Holocaust Memorial Day - Motion to Take Note

Part of the debate – in the House of Lords am 12:48 pm ar 2 Chwefror 2024.

Danfonwch hysbysiad imi am ddadleuon fel hyn

Photo of Lord Singh of Wimbledon Lord Singh of Wimbledon Crossbench 12:48, 2 Chwefror 2024

My Lords, I have visited Auschwitz, and a small mountain of children’s shoes will be for ever etched in my memory. The shoes were taken from children who went laughing and skipping into showers, on the promise that they would be given new clothes. The showers were not of water; they were of deadly gas. I speak from a Sikh perspective, and I apologise if what I say does not agree with some people.

On Holocaust Memorial Day, we remember the horror of the systematic killing of Jews in the 1940s with the lighting of candles and the words “never again”. The words “never again” have echoed in subsequent commemorations, only to be followed by the horror of future genocides, including the forgotten Indira Gandhi Government’s massacre of Sikhs in 1984 and now, ironically, Israel’s excesses against the people of Gaza, condemned by the United Nations, Amnesty International, Human Rights Watch and other human rights agencies.

“Never again” will continue to be a distant aspiration in a world that has lost its sense of direction and is still living with 19th-century norms of powerful countries pursuing strategic and economic dominance. Friends and enemies are decided by the support they give in return for a readiness to turn a blind eye to the abuse of human rights. To get to “never again”, we urgently need to reset our moral and political satnavs to the realities and ethical imperatives of the very different world in which we now live.

Sikh teachings remind us that, despite superficial cultural differences, we are all members of one human family with equal rights and responsibilities. The UN declaration of human rights, drawn up in the aftermath of the Second World War, is an echo of this 500 year-old Sikh teaching. People of India and Pakistan, Russia and Ukraine, Israel and Palestine, and even Americans, are all part of our one human family, with a common desire for peace for themselves and for their loved ones.

In earlier times, talk of one human family was considered impractical idealism; today it is an imperative. The 21st century is, as I have mentioned, very different from earlier eras, with people in once distant parts of the world now sharing common problems such as global warming, the misuse of scientific advance and a world awash with arms. There is urgent need to look beyond ourselves to the needs of others, or, in the closing lines of the Sikh daily prayer, to look to the well-being of wider humanity.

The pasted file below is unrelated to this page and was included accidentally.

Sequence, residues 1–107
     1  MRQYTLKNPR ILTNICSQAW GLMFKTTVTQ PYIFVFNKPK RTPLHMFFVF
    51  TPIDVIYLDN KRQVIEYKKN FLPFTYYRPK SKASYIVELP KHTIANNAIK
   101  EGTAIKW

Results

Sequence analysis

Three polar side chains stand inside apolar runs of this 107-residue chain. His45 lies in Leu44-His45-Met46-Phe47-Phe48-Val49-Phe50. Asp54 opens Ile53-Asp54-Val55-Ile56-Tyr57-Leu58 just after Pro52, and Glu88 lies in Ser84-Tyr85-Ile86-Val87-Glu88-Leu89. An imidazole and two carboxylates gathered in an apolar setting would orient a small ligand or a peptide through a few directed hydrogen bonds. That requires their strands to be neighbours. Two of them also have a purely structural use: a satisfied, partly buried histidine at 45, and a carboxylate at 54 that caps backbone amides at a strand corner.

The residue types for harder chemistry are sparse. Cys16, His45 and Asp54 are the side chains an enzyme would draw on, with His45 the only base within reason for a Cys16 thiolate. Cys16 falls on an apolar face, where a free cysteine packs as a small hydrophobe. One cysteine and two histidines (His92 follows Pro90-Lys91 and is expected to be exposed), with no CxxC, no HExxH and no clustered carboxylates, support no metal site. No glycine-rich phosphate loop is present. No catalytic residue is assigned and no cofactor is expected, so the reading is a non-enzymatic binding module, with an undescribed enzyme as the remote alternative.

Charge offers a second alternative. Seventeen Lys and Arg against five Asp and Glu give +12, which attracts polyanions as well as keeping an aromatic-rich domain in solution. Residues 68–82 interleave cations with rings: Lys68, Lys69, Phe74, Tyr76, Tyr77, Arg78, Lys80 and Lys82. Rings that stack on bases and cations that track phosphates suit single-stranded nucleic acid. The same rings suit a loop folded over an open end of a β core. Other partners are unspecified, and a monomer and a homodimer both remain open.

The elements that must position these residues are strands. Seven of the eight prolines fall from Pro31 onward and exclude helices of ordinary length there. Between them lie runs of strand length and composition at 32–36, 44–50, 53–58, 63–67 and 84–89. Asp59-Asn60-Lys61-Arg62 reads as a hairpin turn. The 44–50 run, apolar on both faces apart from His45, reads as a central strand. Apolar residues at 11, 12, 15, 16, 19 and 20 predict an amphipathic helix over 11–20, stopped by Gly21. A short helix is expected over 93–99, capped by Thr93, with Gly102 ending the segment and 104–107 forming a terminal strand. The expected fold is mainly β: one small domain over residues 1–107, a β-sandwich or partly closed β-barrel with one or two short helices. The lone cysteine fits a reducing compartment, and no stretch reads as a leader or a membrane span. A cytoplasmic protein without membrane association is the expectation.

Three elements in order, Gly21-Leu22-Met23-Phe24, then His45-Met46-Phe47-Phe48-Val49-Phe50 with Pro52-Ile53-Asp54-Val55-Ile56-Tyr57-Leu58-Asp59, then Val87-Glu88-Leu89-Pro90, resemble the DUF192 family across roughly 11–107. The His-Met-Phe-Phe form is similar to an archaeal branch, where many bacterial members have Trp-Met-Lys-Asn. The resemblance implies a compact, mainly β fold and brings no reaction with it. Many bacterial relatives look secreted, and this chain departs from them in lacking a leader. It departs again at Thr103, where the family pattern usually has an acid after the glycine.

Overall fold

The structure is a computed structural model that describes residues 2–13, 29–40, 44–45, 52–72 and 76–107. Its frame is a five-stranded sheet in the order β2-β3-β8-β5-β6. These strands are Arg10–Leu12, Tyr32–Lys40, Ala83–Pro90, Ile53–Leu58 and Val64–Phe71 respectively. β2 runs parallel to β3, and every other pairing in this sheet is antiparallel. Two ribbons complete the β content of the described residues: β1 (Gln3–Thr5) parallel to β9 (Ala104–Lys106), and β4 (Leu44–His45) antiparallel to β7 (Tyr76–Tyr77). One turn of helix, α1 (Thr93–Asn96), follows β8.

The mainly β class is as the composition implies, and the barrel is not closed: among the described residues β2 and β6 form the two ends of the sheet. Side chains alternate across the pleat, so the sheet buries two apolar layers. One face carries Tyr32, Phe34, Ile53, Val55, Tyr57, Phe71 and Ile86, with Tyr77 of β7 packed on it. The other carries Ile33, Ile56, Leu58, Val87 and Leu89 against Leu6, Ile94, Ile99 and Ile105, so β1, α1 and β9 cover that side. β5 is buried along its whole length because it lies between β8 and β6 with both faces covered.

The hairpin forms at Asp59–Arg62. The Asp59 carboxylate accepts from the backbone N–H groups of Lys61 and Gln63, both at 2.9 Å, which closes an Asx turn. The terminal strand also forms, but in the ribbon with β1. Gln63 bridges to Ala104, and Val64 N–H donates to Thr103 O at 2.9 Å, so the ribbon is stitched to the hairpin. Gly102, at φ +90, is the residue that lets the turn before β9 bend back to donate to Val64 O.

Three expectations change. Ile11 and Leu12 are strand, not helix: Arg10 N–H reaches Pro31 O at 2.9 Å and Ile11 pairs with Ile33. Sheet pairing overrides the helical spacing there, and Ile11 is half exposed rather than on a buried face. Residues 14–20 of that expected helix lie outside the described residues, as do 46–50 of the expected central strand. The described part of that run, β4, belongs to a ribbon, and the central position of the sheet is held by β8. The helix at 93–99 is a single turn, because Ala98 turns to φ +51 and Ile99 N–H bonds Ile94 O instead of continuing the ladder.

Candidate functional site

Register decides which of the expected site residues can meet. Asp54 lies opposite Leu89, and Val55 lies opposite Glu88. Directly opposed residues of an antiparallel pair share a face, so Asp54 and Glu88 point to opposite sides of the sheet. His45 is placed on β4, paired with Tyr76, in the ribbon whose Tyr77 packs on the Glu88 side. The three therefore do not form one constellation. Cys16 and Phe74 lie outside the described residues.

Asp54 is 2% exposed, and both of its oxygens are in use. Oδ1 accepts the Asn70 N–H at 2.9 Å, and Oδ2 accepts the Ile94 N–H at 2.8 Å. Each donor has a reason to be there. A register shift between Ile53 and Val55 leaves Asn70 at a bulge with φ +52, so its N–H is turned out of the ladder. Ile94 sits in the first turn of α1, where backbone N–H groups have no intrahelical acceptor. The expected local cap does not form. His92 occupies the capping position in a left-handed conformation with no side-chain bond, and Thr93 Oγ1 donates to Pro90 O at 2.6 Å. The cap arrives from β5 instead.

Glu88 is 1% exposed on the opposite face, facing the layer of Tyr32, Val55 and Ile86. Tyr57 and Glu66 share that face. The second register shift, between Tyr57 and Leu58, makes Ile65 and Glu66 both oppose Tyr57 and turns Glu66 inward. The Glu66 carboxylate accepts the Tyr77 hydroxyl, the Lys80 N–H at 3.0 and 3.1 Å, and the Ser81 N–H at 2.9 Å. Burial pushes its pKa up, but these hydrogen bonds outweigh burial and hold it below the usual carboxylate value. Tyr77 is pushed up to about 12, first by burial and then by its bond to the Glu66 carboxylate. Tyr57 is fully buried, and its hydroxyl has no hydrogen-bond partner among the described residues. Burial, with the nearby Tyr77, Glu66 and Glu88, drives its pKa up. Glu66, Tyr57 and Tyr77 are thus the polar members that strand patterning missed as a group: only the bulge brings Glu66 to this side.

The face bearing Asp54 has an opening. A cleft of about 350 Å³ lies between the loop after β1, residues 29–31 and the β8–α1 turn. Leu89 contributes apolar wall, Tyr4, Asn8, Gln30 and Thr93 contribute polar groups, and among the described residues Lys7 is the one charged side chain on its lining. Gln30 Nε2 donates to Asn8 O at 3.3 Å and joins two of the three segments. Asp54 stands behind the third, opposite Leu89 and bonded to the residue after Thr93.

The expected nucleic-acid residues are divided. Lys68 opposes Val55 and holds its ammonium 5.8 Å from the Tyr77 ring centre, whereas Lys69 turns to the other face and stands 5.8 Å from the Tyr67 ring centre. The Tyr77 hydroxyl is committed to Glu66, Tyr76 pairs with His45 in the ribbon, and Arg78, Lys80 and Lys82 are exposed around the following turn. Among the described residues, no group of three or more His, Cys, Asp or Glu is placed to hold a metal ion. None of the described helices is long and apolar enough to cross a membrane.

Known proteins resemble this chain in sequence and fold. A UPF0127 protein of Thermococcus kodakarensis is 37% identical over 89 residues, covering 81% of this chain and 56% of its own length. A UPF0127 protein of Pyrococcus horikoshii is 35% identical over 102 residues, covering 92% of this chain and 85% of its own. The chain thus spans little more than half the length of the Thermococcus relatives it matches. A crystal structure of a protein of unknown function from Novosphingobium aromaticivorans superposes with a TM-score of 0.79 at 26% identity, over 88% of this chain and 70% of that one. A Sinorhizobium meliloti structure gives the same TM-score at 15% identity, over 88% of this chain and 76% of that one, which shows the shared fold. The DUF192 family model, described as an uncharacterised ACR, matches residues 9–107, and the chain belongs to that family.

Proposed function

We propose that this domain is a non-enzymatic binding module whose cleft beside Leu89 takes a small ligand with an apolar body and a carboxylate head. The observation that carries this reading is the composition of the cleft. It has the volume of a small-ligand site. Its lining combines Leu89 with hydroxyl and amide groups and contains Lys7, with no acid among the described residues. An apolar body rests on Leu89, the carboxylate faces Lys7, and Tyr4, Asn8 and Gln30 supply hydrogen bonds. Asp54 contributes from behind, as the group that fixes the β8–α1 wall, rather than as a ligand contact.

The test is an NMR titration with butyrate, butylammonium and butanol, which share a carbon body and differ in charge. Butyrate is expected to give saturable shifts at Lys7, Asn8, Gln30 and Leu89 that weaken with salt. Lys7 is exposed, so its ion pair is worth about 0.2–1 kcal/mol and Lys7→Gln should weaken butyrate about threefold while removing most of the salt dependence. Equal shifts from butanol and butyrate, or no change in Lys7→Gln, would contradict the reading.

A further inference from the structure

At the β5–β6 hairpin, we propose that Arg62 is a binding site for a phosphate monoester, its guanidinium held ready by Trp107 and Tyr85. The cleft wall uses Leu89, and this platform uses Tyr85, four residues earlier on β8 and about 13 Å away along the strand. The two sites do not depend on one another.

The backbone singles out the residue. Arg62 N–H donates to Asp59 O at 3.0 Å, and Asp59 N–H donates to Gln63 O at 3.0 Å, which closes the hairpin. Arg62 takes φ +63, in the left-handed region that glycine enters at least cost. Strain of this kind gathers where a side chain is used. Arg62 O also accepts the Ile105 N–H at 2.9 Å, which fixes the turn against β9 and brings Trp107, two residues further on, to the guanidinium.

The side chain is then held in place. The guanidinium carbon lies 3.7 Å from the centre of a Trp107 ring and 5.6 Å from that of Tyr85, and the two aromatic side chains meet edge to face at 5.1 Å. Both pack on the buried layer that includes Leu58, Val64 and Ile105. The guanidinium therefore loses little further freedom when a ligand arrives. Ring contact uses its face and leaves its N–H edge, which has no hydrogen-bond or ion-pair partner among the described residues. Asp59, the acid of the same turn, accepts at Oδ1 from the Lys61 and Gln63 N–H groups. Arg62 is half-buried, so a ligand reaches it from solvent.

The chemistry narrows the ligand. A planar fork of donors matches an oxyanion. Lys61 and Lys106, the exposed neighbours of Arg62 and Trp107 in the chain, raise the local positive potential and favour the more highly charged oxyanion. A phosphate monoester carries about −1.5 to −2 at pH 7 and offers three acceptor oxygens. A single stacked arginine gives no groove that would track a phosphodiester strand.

We urgently need to look at why religion has become a major source of conflict and genocide. Religion is designed to give us guidance for responsible living, but all too often, claims of superiority and exclusive relationships with God, and with dated and divisive social and cultural rituals, are seen by many as more important than the uplifting ethical teachings. The Sikh gurus were very concerned about such false divisions in the India of their day. Sikh scriptures, the Guru Granth Sahib, deliberately include verses of Hindu and Muslim sayings to show that no one religion has a monopoly of truth. Today, we should be highlighting the important ethical teachings found in our different faiths.

The reality is quite different. We British, even at interfaith gatherings, never discuss religion out of fear of offending religious sensitivities. Religious holy books are not the word of God in a literal, possessive sense, but reflections on a godly way of life, interspersed with social and cultural practices and negative attitudes to others. Today, most religious people in the UK skip the dated social and cultural texts and focus on the underlying ethical teachings. But for some, dated culture is all too often more important than ethical guidance, and negative attitudes to others are food and sustenance to the religious extremist.

A Christian hymn reminds us:

“New occasions teach new duties,

Time makes ancient good uncouth ;

They must upward still, and onward,

Who would keep abreast of truth”.

Today, religious leaders urgently need to do a bit of spring cleaning to take out, or put in context or true perspective, the negative teachings and highlight ethical teachings that have much in common with faiths that we see as different. It is a big ask, but it is the only way to go if we really want our one human family to get to “never again”.